The goal of Research Area (RA) 1 is to determine how three largely disconnected fields, metabolism, life history, and development, are integrated to optimize plant performance.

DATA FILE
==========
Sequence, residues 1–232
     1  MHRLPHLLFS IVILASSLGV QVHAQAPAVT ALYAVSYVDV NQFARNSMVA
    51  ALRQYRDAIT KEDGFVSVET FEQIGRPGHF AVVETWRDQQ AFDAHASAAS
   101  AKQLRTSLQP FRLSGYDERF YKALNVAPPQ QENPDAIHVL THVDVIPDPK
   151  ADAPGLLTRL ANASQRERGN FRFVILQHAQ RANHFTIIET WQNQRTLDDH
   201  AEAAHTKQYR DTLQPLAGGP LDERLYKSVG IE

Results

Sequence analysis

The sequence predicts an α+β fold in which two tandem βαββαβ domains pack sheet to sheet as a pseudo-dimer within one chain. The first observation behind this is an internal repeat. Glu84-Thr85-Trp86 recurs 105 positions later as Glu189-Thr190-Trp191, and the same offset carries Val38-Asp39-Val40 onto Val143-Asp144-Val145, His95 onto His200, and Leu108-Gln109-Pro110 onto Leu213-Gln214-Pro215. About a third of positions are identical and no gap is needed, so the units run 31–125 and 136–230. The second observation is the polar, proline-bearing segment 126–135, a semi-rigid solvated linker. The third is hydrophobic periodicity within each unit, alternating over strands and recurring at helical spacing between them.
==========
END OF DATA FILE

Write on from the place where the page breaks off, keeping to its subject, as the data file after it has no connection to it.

Reproductive success and plant performance depend on integrating developmental decisions with metabolism across different scales, from cells to tissues, organs, and whole plants. For example, efficient photosynthetic carbon assimilation requires distinct spatial patterns of cellular differentiation in leaves, whereas the timing of floral induction is modulated according to the carbon status. These established examples inspired RA1 to initially focus on the interface between carbon metabolism, developmental processes, and life-history traits. A major underlying approach is to exploit variation between related species that use different strategies for integrating development and metabolism, such as those with compound versus simple leaves, C3 versus C4 metabolism, or annual versus perennial life history. We will utilize these systems to determine (1) how leaf form and anatomy are functionally related to photosynthetic physiology and plant performance; (2) how plant metabolic status is integrated with developmental decision making in meristems to influence yield and fitness; and (3) how vasculature and plasmodesmata contribute to resource allocation between plant organs and tissues at different developmental stages. A central goal is to determine predictive links between developmental processes and metabolic pathways at critical stages of the plant life cycle.